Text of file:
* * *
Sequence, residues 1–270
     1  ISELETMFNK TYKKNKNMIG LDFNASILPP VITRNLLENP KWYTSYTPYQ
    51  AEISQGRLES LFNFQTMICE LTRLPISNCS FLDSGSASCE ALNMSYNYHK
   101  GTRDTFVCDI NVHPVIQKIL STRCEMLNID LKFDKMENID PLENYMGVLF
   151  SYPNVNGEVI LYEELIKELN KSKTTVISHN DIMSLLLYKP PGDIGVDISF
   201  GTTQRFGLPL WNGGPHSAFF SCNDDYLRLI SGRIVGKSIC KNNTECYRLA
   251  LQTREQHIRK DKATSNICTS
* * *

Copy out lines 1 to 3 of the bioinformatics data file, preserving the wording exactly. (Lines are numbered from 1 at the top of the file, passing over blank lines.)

Sequence, residues 1–270
     1  ISELETMFNK TYKKNKNMIG LDFNASILPP VITRNLLENP KWYTSYTPYQ
    51  AEISQGRLES LFNFQTMICE LTRLPISNCS FLDSGSASCE ALNMSYNYHK